Activity 4.1: Assess the socio-economic role of billfish in recreational, commercial, and artisanal fisheries
A multiple case study research design will be used to obtain data on recreational, artisanal, commercial fisheries that catch the flagship species. Information will include: Demographics, Socio-economic operator data, and drivers of perception and motivations to catch the selected species. The survey tool will include both quantitative and open-ended questionnaires. To analyze this data, we will use socio-economic performance indicators reported in the literature (e.g., Sumaila et al., 2012) including those reported by developed by FAO to assess the economic objective of a fishery, and the fisheries commercial viability.
These may include: Gross Revenue, Net Revenue, Financial Profit and Economic rent and economic impact (FAO, 1997; Kelleher et al., 2009; Dyck and Sumaila 2010; Sumaila et al., 2012) among other indicators. We will use questionnaire surveys focus group discussions, key informant interviews and secondary methods to develop a socio-economic profile of billfish fishers and traders in the case study areas. The questionnaire and checklist will focus on understanding billfish fishers and traders’ socio-economic characteristics; asset ownership; housing types; household livelihood activities and incomes; fishing behavior and patterns, and; expenditures and incomes accrued from billfish business. Where possible historical data will be collected in order to document trends of fishers and traders’ profiles. Participants for wealth ranking exercise in artisanal fishing communities will come from all stakeholders’ groups and consider gender, age, occupation, community status, and level of education. Aims of the exercise will be to: determine how wealth is defined among fishers, determine the mode of benefit sharing, and investigate non-fishing income and how they contribute to the resilience of fishers.
Activity 4.2: Develop value addition techniques for the marine products from the artisanal fishery (market research, processing, production level, and storage).
Social networks, their structural characteristics, and how they are formed in relation to billfish fishery and management. A participatory approach will be used to map out the value chain in the billfish fishery. Data will be collected through interviews, focus group discussions and on-site surveys. Data will include fishers’ dynamics, fish trade, the gear, type of craft, species caught, marketing structure, and capital investments.
The study will also investigate the political, social, cultural, and economic factors that may influence the value chain and preferences by different level of consumers. This data will then be used to answer socio-economic implications of mitigating bycatch of billfish. We will explore is the value chain analyses of a landed billfish in artisanal fisheries vs. a released billfish in recreational fisheries. This would in turn provide an understanding of the importance of recreational and artisanal billfish fisheries and the potential for sustainably developing recreational billfish fisheries (Golan et al., 2019).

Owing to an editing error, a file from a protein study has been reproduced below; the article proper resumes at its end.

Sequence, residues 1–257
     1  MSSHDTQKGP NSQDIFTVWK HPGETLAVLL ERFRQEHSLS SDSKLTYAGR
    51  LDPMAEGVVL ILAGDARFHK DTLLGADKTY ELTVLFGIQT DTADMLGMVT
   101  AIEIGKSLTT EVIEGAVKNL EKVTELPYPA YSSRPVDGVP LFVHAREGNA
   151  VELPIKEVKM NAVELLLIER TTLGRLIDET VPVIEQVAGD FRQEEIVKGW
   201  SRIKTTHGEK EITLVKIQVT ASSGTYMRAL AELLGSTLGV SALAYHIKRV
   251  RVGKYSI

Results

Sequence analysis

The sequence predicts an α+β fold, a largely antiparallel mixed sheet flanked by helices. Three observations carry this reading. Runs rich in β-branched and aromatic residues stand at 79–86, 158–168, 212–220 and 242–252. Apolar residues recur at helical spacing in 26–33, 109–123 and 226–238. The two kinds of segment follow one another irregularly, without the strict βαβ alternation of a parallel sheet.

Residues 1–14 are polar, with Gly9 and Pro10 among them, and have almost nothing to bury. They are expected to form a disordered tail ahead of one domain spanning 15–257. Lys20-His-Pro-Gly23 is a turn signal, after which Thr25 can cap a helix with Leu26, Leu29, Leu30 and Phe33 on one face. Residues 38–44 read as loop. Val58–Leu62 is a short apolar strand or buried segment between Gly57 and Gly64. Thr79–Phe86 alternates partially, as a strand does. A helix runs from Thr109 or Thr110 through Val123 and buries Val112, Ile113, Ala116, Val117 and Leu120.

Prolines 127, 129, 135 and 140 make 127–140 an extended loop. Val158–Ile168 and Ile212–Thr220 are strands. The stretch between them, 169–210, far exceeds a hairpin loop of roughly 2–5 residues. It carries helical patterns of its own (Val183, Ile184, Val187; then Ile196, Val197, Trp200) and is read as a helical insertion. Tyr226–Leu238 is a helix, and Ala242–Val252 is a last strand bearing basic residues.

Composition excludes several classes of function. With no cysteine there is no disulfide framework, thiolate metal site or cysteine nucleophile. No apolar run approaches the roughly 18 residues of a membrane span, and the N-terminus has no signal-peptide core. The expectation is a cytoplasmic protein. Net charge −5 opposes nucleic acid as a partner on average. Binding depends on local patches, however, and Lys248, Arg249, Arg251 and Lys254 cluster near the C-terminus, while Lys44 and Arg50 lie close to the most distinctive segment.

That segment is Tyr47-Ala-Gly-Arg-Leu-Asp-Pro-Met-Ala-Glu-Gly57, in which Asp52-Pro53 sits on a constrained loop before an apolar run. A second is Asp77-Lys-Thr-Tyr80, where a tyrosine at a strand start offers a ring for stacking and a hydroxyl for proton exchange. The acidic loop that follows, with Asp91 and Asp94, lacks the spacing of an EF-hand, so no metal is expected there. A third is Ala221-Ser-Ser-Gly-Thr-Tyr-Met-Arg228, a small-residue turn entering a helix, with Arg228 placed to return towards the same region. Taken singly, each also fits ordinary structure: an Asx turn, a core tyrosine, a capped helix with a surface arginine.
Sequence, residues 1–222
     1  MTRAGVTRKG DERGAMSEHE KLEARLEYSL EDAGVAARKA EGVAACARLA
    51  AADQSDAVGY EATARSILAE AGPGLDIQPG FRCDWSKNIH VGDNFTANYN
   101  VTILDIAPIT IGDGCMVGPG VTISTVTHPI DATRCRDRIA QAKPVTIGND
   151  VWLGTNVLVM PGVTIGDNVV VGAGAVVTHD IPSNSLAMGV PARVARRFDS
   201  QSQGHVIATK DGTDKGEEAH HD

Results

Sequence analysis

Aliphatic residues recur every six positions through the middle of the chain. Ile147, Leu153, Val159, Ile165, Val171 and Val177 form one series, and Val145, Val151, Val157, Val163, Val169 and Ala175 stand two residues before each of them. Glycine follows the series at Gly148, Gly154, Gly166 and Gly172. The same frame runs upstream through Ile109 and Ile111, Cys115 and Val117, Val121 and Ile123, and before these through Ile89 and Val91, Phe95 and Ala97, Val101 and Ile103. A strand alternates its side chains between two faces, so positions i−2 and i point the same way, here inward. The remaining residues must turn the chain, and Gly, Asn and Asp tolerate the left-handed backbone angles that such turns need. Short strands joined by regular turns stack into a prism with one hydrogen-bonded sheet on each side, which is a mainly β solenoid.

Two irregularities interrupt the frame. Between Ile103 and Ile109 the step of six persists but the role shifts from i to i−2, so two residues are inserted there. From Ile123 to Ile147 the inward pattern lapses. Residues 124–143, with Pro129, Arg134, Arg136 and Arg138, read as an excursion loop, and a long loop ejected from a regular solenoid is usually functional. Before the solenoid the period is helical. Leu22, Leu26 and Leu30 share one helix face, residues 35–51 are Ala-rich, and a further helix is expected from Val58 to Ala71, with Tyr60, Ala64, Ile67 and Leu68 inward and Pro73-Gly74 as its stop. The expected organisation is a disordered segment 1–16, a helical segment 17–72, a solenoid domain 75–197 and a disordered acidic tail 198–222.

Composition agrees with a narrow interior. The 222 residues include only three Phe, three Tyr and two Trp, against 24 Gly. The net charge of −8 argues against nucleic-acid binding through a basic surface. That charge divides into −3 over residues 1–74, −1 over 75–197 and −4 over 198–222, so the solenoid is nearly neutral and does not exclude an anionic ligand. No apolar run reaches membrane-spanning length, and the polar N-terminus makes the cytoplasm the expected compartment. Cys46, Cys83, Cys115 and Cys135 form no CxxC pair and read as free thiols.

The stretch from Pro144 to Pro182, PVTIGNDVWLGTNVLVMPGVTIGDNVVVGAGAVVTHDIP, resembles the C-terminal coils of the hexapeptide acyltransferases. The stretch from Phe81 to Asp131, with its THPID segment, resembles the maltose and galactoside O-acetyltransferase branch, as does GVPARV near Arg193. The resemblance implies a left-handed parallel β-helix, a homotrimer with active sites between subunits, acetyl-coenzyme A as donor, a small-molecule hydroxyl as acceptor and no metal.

Activity 4.3: Evaluate the socio-ecological implications of mitigating BY-CATCH of billfish
Data from all the four objectives will be collated through focused group discussions, semi-structured interviews and catch sampling. With this information we will identify the different factors that influence bycatch rates. Additionally, ecosystem-based risk assessments and management frameworks will be used to examine the influence of factors such as culture, the population pressure, climate change on bycatch rates.
Additionally, a Social-Ecological Systems (SES) framework (Ostrom, 2009) will be used to identify conditions under which the ecological, social, and economic outcomes of mitigating bycatch of billfish can be improved to provide benefits to resource users while sustainably managing the species. The wellbeing approach from a holistic standpoint which would identify the aspects of wellbeing amongst all the stakeholders would be applied and test how to measure this and prioritize them and understand how they relate to each other (Golan et al., 2019).
Activities 4.1 – 4.3 will be conducted at representative sites in Kenya, Tanzania, Mozambique, and Zanzibar.
Team leaders: Prof. Rashid Sumaila, assisted by collaborators Dr. Lydia Gaspare (Tanzania/Zanzibar), Dr. Emmanuel Sweke (Tanzania/Zanzibar), Dr. Sarah Glaser (Somalia), Dr. Nina Wambiji (Kenya).